Materialism and the Problem of Truth
II. The Argument from Truth
A second argument I provided was the argument from truth. Let us reflect for a moment on truth as an epistemic summum bonum or supreme good. It seems to me that the scientific enterprise, at least as classically understood, is based on a desire first and foremost to know the truth, and only secondly to manipulate and control the world. We are told, for example, that no matter how comforting it is to have religious beliefs, if those beliefs are not based on good evidence that they are true, then they ought to be abandoned.
But this raises some questions about what this property of truth is, that we should abandon beliefs that we may find comforting for the sake of truth. Here it seems that many “deflationary” accounts of truth are going to fail to capture why we care about truth so much. In William Hasker’s generally friendly response to me in Philosophia Christi he asks
And now consider truth: why should the naturalist find it problematic? That snow is white is true just in case snow is white; what would motivate (let alone force) a naturalist to reject this?
Here Hasker is adverting to a Tarskian disquotational theory of truth; truth is a matter of taking quotation marks of sentences. But truth has to have more to it than this if it is to carry the weight of being the supreme epistemic value. Timothy Erdel takes Quine to task for, at one point, saying that he rejected religion and politics in favor of the pursuit of truth, but then he defines truth in this disquotational way. As he says:
If truth is no more than Quine generally claims when he is describing or explaining truth (as opposed to when he is appealing to it as the grounding motive more his life’s work), namely, the removing of quotation marks from the names of sentences, then one senses some fairly significant equivocation in his use of the term, “truth.”
Presumably one does not cast aside all claims from religion and politics to pursue philosophy as a vocation solely to facilitate the removing of quotes from names of sentences…
So to make the sort of thing we ought epistemically to pursue, even at personal cost, truth must be something more than mere disquotation. But what can it be? I think that only the correspondence theory is the only one that adequately underwrites the intuition that many of us share that truth is the supreme epistemic good.
There is a problem with truth as correspondence, however, from a broadly materialist point of view. If truth is a relationship between someone’s belief that something is so and the reality that it is so, then what that means “there is at least one reptile” would not have been a truth during the Jurassic period, unless there was someone in existence during the Jurassic period who had confidence that his or her thought corresponded to the truth “there is at least one reptile.” And unless there is something like a God, we do not know of anything alive during that time that had confidence in the representation, “There is at least one reptile alive now.”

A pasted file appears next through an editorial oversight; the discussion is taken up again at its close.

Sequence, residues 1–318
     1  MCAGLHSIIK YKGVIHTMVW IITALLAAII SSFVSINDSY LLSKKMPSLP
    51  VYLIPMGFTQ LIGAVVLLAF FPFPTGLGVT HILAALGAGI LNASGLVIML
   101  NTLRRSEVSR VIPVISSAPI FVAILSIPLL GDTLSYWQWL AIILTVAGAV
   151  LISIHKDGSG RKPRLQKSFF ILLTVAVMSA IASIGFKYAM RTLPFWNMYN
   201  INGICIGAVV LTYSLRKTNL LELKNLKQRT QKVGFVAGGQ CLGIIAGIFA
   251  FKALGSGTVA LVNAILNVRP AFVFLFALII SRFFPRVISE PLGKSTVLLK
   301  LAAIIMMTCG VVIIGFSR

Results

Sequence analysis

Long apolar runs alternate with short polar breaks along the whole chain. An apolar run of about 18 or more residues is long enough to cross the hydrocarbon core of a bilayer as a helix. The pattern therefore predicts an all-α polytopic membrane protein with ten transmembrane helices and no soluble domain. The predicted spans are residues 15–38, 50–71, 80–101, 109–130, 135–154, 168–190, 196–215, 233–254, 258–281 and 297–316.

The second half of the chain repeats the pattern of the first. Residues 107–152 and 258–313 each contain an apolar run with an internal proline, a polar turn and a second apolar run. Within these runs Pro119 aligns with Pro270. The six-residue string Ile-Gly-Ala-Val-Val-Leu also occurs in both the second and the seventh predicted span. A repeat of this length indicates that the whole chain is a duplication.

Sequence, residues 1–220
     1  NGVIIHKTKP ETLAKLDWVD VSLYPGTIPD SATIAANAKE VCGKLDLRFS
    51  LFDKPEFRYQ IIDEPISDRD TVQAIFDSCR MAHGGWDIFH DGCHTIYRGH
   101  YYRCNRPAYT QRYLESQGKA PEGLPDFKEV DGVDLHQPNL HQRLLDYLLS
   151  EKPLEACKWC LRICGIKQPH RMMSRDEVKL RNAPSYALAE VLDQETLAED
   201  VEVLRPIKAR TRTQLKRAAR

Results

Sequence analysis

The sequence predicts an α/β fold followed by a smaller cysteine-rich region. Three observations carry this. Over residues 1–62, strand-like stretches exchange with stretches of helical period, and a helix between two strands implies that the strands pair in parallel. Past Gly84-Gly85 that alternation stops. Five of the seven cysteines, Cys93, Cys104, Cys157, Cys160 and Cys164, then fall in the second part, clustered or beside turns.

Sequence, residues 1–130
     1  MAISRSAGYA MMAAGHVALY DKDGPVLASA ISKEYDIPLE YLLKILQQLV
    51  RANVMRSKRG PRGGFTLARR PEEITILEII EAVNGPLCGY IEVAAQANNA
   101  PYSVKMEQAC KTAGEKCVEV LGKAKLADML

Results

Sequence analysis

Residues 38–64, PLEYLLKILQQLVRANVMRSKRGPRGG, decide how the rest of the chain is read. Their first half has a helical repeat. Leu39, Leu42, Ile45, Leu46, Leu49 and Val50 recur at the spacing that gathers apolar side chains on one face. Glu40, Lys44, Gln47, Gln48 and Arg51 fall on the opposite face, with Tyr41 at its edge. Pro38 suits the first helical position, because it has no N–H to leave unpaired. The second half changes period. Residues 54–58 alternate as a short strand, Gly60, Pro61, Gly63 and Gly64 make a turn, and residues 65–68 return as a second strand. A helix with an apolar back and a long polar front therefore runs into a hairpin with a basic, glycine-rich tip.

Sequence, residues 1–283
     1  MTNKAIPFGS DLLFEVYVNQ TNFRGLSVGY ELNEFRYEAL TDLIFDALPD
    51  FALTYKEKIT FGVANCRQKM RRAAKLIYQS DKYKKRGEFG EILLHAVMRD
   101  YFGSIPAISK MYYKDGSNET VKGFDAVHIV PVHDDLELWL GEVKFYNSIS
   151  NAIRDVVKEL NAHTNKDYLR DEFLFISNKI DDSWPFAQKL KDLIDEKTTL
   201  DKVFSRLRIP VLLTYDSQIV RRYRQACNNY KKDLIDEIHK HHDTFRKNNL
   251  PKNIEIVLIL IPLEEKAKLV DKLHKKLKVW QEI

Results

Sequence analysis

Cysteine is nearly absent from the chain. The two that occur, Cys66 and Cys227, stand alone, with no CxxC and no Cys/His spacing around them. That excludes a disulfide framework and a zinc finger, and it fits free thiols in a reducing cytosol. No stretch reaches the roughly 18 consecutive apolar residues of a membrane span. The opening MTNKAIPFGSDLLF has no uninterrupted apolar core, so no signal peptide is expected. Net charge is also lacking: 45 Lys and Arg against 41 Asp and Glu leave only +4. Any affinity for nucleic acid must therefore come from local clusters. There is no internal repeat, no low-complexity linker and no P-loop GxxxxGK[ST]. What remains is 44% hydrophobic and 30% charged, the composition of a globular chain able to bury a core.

Because of this, the advocate of a broadly materialist world view may be inclined to accept the idea what can be true false are not states of the person but propositions. These propositions could exist timelessly, but not exist in anyone’s mind. If that were the case then the proposition “There is at least one reptile alive during the Jurassic period” would be a truth that would exist at that time, because it would be true at all times.
This account of propositions is hard to square with some versions of naturalism, according to which everything that exists at some place and time in particular. However, if we waive this requirement, there are still difficulties. The argument from reason based on mental causation maintains that naturalism cannot explain how one thought can cause another thought in virtue of its content. On this view, how would it be possible for our thought to be related to the truth that our thoughts are about, if our thoughts are completely products of the spatio-temporal-physical world, but the truth of our thought does not exist in any particular place or time. The physical, is supposed to be causally closed according to broadly materialist world-views, and as such nothing outside the physical, whether eternal propositions, or nonphysical souls, can affect what goes on in the physical world. Because of this, I regard this move to non-spatial propositions as the acceptance of a poisoned pawn, the taking of which will make the next argument, the argument from mental causation, impossible to answer.